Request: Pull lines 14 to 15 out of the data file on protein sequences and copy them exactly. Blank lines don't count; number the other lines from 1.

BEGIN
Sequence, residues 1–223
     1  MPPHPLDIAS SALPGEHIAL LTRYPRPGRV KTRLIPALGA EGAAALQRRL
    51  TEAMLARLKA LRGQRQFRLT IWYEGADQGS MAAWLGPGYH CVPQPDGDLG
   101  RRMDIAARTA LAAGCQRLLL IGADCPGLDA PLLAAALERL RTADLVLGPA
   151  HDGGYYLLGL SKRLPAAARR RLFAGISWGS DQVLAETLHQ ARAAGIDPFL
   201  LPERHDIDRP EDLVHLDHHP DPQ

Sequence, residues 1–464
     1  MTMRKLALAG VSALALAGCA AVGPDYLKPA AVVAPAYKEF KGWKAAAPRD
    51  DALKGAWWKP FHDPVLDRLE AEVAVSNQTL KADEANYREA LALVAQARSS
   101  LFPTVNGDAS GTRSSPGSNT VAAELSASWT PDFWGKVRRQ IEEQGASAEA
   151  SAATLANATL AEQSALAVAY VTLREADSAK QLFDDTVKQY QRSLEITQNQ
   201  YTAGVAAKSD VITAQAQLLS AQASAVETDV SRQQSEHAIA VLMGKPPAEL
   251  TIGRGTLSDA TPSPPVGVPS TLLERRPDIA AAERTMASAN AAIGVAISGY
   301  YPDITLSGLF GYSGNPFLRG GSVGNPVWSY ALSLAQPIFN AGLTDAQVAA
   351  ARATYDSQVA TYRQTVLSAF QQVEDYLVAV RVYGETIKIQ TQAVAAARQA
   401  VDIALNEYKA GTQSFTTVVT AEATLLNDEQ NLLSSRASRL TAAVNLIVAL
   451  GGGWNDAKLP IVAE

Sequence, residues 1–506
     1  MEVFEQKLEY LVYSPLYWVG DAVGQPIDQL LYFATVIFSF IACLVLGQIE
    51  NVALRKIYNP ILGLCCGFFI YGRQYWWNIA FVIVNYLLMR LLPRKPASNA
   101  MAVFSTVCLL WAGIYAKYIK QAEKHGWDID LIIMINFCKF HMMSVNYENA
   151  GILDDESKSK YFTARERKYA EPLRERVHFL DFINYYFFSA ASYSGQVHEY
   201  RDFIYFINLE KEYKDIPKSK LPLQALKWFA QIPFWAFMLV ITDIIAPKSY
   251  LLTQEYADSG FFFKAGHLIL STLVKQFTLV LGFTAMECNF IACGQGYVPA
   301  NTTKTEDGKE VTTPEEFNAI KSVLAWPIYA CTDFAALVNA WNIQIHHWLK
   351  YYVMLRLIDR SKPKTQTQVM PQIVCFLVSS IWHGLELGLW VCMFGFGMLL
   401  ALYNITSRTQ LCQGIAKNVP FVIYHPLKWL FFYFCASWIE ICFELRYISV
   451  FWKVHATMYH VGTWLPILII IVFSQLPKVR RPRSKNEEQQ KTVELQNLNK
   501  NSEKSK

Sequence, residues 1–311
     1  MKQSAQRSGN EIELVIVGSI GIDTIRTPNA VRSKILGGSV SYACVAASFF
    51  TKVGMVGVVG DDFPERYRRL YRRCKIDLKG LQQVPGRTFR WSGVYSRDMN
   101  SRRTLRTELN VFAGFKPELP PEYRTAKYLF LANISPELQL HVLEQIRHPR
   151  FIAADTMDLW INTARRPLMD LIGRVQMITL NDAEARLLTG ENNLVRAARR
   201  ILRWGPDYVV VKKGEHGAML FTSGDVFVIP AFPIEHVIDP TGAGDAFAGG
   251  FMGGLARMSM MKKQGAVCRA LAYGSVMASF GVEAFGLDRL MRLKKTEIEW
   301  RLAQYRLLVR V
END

   301  YPDITLSGLF GYSGNPFLRG GSVGNPVWSY ALSLAQPIFN AGLTDAQVAA
   351  ARATYDSQVA TYRQTVLSAF QQVEDYLVAV RVYGETIKIQ TQAVAAARQA